LA Angels Biggest Surprises of 2017: #5

TORONTO, ON - JULY 29: Bud Norris
TORONTO, ON - JULY 29: Bud Norris /

The LA Angels came into the season with many veterans fighting for roster spots. One of them was Bud Norris, who turned in a career year that no one saw coming.

Bud Norris came into the LA Angels Spring Training as a depth piece. He would compete for the fifth starter spot throughout camp. However, he ultimately lost to Jesse Chavez. Despite the tough situation, it ended up being the best possible outcome for Norris.

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Yes, Bud Norris is finishing the season with an ERA above 4.00. He is indeed 2-6 as I write this. However, like many other Halos this year, Norris played well when it mattered most for the Angels.

Coming into the season, there was a three player race for the closing job. Huston Street, Cam Bedrosian, and Andrew Bailey were all impressing in the spring. However, none of them registered more than six saves on the season. Instead, it was Norris with 19 saves who held down the job.

After all three closers ended up on the disabled list, Norris took over. He didn’t just take over the closer role, but took over the ninth inning as well. In the first half of the season, Norris recorded a 2.23 ERA. When the Angels offense would make a comeback late, it was Norris who held onto the lead. He recorded 13 of his saves in the first half of the season.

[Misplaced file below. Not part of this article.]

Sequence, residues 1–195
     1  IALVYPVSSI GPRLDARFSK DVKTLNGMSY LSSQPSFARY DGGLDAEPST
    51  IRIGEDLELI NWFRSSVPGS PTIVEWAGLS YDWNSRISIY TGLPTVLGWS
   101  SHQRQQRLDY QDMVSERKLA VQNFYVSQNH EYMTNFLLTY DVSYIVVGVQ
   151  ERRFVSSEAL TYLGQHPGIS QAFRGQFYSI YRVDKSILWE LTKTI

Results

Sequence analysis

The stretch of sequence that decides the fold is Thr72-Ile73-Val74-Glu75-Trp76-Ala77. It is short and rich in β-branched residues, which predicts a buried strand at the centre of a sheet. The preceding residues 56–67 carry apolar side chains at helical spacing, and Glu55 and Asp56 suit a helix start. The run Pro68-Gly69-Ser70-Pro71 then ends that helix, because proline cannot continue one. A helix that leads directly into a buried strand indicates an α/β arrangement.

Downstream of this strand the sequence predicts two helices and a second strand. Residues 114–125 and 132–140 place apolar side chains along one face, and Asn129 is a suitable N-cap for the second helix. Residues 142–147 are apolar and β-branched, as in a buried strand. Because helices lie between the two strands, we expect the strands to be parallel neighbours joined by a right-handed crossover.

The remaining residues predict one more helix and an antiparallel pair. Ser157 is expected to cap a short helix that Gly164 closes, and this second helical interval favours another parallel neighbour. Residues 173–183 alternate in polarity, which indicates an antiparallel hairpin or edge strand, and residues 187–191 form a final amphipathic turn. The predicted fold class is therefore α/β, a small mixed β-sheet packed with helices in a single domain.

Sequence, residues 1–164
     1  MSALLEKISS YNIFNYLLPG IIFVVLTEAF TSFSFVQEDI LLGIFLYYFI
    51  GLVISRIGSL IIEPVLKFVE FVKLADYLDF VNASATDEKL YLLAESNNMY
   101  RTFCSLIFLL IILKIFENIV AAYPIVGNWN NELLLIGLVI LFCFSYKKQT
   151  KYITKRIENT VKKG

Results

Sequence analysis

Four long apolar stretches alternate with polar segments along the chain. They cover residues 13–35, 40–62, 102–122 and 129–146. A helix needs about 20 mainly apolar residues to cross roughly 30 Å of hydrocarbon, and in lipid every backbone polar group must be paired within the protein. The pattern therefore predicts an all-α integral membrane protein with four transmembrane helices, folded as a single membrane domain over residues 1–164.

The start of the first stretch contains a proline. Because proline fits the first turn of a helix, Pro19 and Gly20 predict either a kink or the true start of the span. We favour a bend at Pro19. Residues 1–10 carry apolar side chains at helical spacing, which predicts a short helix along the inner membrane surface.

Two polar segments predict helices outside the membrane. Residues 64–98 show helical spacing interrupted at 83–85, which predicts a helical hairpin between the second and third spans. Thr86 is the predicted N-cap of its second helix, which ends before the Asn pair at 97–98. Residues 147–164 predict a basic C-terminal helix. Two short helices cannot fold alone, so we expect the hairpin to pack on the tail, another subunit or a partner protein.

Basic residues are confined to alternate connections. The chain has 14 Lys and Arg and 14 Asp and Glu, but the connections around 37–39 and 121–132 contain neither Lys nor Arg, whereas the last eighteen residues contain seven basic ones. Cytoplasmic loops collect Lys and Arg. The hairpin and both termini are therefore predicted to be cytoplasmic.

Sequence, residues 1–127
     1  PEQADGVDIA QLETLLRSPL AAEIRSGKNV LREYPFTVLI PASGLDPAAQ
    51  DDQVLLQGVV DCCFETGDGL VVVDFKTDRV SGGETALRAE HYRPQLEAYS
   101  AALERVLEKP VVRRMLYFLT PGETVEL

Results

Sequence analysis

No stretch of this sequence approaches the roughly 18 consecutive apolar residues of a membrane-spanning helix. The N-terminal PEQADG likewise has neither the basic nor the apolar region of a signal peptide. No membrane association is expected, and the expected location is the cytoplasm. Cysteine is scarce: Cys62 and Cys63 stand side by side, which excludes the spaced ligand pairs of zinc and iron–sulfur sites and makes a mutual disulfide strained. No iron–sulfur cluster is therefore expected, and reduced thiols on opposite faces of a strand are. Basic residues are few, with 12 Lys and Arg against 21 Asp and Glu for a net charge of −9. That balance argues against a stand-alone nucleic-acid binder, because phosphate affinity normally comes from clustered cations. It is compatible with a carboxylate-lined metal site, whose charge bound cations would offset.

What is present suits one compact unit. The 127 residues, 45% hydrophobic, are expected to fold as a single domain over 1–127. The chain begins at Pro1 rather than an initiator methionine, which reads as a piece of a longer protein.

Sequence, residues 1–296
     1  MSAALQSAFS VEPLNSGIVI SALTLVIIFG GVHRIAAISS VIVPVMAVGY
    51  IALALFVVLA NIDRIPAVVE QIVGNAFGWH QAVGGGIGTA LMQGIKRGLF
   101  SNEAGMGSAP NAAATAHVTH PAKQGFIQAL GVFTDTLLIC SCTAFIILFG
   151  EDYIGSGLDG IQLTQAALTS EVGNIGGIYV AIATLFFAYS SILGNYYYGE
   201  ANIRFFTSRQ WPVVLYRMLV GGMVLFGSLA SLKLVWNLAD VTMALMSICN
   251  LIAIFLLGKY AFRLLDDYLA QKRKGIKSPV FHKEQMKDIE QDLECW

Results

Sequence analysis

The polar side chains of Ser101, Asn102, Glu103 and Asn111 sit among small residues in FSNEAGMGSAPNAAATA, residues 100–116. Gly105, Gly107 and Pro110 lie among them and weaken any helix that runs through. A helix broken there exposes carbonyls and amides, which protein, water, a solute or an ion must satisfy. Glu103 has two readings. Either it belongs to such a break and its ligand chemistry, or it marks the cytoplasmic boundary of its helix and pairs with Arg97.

However, the All-Star break changed things. The team was as healthy as it would be all season with Mike Trout back. They were fighting for a playoff spot. However, Norris would collapse early. He allowed two games in one week that ended on walk-off grand slams. One of the best closers in the league over the first half of the season was collapsing.

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His 9.72 ERA in July would eventually begin to calm down. He was no longer the sole closer for the team, as manager Mike Scioscia began using the hot hand to end games. However, Norris would regain his composure and currently owns a 3.27 ERA in September.

Towards the end of the season, with the team in need of a starter, Norris stepped in. He was no ace, but he performed exceptionally well. He held a 1.08 ERA as a starter, but was never able to pitch more than a few innings. It was just another example of Norris doing whatever is asked of him, and doing it well.

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It is not everyday that a 32-year old starting pitcher like Norris becomes what Norris became. What Norris did this year, especially in the first half, was truly remarkable. Players like Norris are the reason why the Halos lasted so long in the playoff race.